By the time this posts, we'll be back in Cusco after our internet-free trip to the Amazon jungle, but I'll continue to write at the end of each day.
Today we got up and checked out of our hotel in Cusco for the short trip to the airport. We're off to the Amazon jungle via a city called Puerto Maldonado. PM is one of the largest jungle cities in Peru, but it's dwarfed by all of the other places we've seen. Our flight out of a Cusco was delayed about 90 minutes, but the 40-minute flight to PM meant that we didn't lose the day with the delay.
We landed in PM, picked up our luggage, and met the shuttle drivers from the Hacienda Concepcion, our home for the next three nights. They drove us to their facility 100 m outside of the airport, where we wandered a butterfly sanctuary while they checked our passports and such. Once everything was confirmed, we drove through PM to the docks on the river. PM is nothing to write home about. Its main industries are mining, lumber, and tourism, and the main feature is that the intercontinental highway runs straight through town.
At the docks, we boarded two motorboats and headed down the Madre de Dios river past where it merges with the Tambopata river. PM was 85 and muggy, but the ride down the river was cool and breezy.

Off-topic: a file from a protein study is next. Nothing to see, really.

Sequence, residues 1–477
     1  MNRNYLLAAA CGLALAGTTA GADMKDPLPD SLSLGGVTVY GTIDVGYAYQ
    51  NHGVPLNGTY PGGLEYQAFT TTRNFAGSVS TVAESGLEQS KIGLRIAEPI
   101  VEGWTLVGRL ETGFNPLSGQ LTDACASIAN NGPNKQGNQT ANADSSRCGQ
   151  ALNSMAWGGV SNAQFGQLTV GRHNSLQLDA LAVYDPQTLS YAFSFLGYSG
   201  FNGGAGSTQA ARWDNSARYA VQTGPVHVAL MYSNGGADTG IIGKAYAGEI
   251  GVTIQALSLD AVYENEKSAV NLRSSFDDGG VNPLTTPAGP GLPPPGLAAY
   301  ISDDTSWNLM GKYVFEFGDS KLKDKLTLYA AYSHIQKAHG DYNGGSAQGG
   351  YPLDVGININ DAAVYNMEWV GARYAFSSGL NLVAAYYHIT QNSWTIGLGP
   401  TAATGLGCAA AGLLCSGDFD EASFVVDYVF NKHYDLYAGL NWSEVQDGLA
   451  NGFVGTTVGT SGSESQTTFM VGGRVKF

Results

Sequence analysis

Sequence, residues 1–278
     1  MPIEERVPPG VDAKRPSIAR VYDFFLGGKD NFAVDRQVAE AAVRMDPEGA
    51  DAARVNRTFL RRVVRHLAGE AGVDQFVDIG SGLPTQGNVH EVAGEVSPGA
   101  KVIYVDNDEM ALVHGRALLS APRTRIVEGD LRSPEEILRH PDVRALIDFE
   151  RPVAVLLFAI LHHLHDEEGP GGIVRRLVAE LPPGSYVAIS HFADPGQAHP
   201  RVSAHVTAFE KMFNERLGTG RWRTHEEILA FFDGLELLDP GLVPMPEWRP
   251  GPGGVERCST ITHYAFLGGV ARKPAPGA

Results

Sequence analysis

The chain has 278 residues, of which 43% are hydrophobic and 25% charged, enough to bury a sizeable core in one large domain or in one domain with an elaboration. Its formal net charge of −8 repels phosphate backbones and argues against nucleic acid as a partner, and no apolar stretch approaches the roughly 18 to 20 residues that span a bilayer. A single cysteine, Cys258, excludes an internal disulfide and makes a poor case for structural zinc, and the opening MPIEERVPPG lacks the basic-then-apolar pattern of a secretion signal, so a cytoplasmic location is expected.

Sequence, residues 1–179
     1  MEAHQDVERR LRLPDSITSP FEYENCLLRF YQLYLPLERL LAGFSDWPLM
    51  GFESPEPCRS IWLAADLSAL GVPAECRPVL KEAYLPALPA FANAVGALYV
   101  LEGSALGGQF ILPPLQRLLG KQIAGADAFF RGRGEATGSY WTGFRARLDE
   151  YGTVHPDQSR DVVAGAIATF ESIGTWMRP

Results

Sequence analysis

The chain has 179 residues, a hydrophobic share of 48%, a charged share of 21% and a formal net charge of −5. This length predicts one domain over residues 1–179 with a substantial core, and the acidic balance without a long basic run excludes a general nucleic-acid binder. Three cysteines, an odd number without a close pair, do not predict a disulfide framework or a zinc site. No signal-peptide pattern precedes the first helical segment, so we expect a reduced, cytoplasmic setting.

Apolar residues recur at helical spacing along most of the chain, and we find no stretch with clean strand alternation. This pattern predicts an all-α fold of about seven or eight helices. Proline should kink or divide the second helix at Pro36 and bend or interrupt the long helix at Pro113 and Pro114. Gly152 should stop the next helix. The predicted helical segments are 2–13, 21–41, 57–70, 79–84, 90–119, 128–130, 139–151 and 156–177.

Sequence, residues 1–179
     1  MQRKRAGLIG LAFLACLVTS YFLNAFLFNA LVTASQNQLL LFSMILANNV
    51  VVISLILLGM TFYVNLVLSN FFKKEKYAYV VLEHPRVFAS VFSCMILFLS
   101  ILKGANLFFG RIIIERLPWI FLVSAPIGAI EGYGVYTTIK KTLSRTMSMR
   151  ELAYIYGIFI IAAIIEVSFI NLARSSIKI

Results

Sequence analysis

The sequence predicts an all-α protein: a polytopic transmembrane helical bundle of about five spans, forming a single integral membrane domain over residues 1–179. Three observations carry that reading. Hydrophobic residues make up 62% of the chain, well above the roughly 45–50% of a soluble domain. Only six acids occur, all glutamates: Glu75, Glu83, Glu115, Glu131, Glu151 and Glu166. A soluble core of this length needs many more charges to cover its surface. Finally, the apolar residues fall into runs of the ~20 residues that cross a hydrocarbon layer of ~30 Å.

We got to the resort dock (really just some hard mud steps created as the river receded during the dry season), had lunch, and settled in to our cabana. We befriended Linda and Jim, another couple from LA, and we lunched together and shared adventure stories about our Peru trips. After settling in for a bit, we all reconvened at the nature lodge for a welcome talk by Gabriel and Dino. Each day has about three different nature adventures that we can take part in, and G and D talked about today's events, both of which we took part in.
The first was a 60-minute long nature walk through the grounds with one of the guides. Dino led our group, pointing out flora and fauna as we progressed. Here are some things I learned:
- Some palm trees can walk.
- Monkeys are territorial.
- This area of the Amazon has no history of malaria (so I stopped taking my malaria meds).
- Dino always carries his machete.
After we got back for the walk, we had a bit of time to finish unpacking and wander the grounds at dusk.
Once the sun set, we gathered back at the Eco lodge to take a nighttime boat cruise in search of nocturnal animals. We found a number of caimans and a few roosting birds.
After the cruise, a nice dinner in the hotel. The service was a little confused (5 waiters couldn't handle 20 tables), but the food was excellent.
Now, we're back in our cabana for the night. Each of the cabanas has a bed, a hammock, a chair, a loveseat, and bathroom facilities. There is very little power, and what power there is is regulated: the electricity is shut off for about 8 hours per day. It's chilly at night, and the jungle is alive with insects and bats. Tomorrow: birds and monkeys!